Working through the tutorials was fairly easy – I remember many of the concepts from DOS and from working on the old DEC-10 mainframes here at the UA back in the late 70s-early 80s. The hierarchical file structure of the directories is the same, so navigating was not a problem. Manipulating files was also familiar, since the wildcards work very similarly to what I remember. I/O redirection also worked much as I had remembered, including the pipes and filters. That part was really fun, trying new combinations in order to get just what I wanted — I had forgotten how powerful they can be! The file/directory permission commands were new to me; they make sense, but the codes are going to be difficult to remember, especially since I don’t read binary. I seem to recall an alternate method being shown in one of the online video tutorials, but I will have to go back and check. Job control was also fairly straightforward.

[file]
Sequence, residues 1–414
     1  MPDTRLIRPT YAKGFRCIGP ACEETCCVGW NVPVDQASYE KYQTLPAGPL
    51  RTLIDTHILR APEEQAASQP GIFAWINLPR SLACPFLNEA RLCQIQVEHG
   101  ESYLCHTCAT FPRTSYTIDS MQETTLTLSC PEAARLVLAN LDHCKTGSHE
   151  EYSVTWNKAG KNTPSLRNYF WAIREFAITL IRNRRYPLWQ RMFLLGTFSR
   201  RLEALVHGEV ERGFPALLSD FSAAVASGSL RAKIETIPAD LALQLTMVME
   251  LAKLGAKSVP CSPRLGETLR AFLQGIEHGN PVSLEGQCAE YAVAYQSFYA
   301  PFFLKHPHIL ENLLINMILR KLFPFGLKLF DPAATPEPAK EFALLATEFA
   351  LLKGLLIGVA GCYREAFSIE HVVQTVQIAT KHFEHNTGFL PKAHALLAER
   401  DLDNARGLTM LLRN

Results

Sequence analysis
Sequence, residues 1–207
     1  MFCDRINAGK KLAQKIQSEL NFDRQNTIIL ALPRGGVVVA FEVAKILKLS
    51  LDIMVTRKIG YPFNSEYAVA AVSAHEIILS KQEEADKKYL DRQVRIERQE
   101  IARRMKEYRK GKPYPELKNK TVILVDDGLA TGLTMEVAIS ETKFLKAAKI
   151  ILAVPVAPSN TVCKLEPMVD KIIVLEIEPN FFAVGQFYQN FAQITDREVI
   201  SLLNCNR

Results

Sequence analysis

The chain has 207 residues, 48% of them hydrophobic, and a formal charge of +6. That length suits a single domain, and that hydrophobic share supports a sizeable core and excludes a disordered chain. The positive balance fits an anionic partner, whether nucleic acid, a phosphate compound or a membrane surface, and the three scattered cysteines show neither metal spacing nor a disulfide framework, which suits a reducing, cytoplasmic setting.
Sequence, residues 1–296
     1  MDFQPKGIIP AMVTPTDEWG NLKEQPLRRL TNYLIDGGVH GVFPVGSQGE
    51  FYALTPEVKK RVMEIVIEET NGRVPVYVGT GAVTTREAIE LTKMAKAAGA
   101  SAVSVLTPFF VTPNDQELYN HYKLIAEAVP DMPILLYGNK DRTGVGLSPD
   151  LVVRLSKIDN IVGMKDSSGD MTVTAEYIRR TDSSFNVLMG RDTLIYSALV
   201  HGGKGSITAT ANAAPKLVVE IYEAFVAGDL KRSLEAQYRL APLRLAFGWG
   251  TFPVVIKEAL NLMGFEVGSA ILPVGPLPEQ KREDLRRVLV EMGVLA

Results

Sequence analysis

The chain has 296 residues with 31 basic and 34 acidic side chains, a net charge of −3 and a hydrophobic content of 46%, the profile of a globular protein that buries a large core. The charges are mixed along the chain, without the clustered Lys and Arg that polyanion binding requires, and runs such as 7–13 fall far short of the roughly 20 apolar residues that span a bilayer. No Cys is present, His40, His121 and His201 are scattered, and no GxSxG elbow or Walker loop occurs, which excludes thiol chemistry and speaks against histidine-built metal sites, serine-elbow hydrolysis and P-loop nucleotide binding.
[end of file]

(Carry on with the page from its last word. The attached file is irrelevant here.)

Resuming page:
The main problem I had was getting stuck without a command prompt. Several times this happened with variations on the cat command; I couldn’t figure out how to quit; I tried ctrl-c and quit and exit, but nothing worked. I had to close the terminal window to kill the process. I read on someone else’s blog that ctrl-z will get the prompt back (and this was also mentioned in the kill section of the tutorial – which I came to AFTER I had the problem). I’m still not sure exactly how the cat command works; I think you need to indicate a file name, or it just ends up echoing back what you type in – which makes sense, since it expects the standard input to be the keyboard and the standard output to the the terminal. I guess I could pipe the output to a file; but then I wouldn’t be able to see what I was typing (I’m guessing). The script command described in one of the other tutorials seems better for this – but anyway I’ll have to experiment.